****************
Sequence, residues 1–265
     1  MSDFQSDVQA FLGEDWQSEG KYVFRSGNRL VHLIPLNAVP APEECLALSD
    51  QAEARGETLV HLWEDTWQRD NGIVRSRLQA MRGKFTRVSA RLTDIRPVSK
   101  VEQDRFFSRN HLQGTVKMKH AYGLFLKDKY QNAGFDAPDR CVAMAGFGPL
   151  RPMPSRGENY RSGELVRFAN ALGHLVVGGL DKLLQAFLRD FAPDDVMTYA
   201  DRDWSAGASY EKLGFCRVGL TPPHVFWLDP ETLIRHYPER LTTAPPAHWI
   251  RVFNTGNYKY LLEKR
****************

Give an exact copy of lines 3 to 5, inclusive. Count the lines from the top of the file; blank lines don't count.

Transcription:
    51  QAEARGETLV HLWEDTWQRD NGIVRSRLQA MRGKFTRVSA RLTDIRPVSK
   101  VEQDRFFSRN HLQGTVKMKH AYGLFLKDKY QNAGFDAPDR CVAMAGFGPL
   151  RPMPSRGENY RSGELVRFAN ALGHLVVGGL DKLLQAFLRD FAPDDVMTYA